Retaining More Women in STEM
STEM With our collective voice, we can inspire and empower girls and women to both pursue and persist in STEM.
Anoushhka Banerjee, a 10-year-old 5th grader from Santa Clara, CA, is proving that an interest in STEM can start at any age, and that there's no limit to what you can achieve if you stand by your interests.
What is the most fun thing about STEM (science, technology, engineering and math) to you?
Solving real world problems. Even if it's prototyping and playing along the way.
Do you want to be involved in STEM fields when you grow up? What would be your dream job?
At this moment, I am still not decided. I am learning and developing my interests. But I love to create new things, even if it's arts and crafts or fixing things at home with easily available materials.
What is the coolest thing you have built with STEM toys like littleBits?
This is my best project for my best friend: littleBits
The U.S. Department of Commerce, Economics and Statistics Administration reported that women are 50 percent of the workforce, but only 24 percent of the STEM workforce. Moreover, 50 percent of women in STEM drop out in the first 10 years. With STEM being an economic equalizer and at the core of our global competitiveness and innovation, why are we leaving half of the population behind?
Value of mentoring
Mentoring is a key component of getting more girls and women engaged with STEM and bridging the gap between recruitment and retention. It is important to leverage the strength of cross-sector collaboration between corporations, non-profit and government entities and to equip large numbers of STEM professionals with tools to become effective mentors.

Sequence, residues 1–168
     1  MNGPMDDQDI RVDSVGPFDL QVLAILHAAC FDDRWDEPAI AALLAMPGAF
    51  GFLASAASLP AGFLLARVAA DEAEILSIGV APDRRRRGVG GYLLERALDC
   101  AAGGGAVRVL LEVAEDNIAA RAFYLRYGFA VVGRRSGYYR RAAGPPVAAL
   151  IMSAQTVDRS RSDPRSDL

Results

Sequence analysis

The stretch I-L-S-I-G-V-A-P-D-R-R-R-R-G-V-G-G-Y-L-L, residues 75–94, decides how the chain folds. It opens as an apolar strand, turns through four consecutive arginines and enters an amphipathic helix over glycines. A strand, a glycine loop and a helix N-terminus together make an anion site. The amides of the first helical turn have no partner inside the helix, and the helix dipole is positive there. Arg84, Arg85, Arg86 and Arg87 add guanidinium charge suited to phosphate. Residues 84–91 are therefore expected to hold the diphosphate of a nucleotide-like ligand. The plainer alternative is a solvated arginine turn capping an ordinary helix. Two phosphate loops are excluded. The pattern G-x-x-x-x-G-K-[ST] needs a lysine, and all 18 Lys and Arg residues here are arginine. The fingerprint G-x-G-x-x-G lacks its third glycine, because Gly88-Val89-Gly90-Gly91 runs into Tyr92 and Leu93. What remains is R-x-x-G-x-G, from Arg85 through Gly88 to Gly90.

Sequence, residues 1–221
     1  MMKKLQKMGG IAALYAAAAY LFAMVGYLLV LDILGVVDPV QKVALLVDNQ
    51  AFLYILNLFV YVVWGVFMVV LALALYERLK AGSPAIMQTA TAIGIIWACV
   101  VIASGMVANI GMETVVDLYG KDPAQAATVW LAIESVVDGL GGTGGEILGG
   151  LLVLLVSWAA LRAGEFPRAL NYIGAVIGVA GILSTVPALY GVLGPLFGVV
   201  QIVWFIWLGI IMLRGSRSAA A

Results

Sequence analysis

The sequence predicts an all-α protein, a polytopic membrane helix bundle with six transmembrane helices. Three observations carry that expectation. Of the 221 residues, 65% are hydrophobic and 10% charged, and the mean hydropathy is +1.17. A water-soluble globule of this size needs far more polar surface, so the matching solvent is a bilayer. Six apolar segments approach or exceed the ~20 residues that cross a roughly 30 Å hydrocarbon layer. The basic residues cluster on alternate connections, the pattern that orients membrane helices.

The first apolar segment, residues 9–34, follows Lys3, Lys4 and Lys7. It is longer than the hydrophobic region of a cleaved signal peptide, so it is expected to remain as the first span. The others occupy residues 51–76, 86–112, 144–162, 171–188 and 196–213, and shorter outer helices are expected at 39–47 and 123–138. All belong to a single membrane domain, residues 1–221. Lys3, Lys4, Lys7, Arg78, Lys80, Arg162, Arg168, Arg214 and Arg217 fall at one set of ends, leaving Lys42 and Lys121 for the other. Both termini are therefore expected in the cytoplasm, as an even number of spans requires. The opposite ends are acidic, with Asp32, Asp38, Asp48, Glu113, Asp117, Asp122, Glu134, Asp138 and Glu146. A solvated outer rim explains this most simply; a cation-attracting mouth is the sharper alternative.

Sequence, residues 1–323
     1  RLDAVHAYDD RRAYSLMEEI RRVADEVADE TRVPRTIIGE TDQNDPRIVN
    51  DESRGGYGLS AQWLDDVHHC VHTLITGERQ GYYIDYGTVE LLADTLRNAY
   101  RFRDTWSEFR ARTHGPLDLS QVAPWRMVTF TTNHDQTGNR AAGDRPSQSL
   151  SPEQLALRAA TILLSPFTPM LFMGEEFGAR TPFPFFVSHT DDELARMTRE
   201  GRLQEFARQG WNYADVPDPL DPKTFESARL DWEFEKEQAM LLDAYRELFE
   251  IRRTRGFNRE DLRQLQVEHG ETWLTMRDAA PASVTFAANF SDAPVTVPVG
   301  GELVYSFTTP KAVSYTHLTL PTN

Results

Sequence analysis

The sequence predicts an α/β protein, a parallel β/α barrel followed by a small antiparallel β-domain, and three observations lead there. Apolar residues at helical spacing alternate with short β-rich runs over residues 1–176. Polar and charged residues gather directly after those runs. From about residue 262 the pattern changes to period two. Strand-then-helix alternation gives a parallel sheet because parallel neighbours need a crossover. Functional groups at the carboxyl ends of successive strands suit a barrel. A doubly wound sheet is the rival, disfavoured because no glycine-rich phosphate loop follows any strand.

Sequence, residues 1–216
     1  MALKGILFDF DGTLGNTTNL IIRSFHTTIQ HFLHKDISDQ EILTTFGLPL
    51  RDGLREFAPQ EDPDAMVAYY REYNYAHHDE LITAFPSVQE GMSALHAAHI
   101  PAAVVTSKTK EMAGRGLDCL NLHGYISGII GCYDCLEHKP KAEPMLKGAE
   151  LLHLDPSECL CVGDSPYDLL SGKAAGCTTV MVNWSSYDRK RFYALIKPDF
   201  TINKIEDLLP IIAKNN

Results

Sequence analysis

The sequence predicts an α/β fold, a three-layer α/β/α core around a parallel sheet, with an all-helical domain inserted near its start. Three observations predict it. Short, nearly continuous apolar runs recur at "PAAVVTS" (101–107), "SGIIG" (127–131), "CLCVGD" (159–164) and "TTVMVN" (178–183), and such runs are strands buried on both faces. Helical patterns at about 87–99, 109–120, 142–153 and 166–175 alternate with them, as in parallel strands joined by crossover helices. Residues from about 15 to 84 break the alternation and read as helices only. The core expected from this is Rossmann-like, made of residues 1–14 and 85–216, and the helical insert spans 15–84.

When STEM mentoring happens from K-J (kindergarten to jobs), everyone benefits. Mentors educate girls about the possibilities of what a STEM career can be, the types of coursework that is required for a STEM career and how STEM can change the world. While providing valuable career advice, mentors encourage women to persist in spite of academic or workplace challenges.
STEM mentors are important from the educational process all the way through to careers. They change lives while also having a positive impact on companies. Furthermore, with the talent pool scarce and the demand for STEM talent at an all-time high, companies are finding that employees who participated in a mentoring program had a retention rate 20 percent higher than those who did not mentor.
Cross-sector collaboration allows us to learn from each other and build a collective vision. We must educate girls and women about the opportunity that STEM careers represent while also promoting work cultures that encourage women to opt-in as opposed to opt-out of STEM.
Male champions of change are just as important as women to this effort. It’s everyone’s responsibility to recruit, develop and retain more girls and women in STEM. We must all encourage curiosity and innovation, while also teaching both girls and boys that women can be successful STEM professionals in their own right. Parents, teachers and others need to recognize that unconscious bias and gender roles reinforce negative stereotypes. Many professionals (i.e. Human Resources) may not have a STEM background but can lend their advice because they have an understanding of the types of skills that are required to be successful in the STEM workplace.
Let’s mobilize and use our collective voice to inspire the current and next generation of female STEM professionals.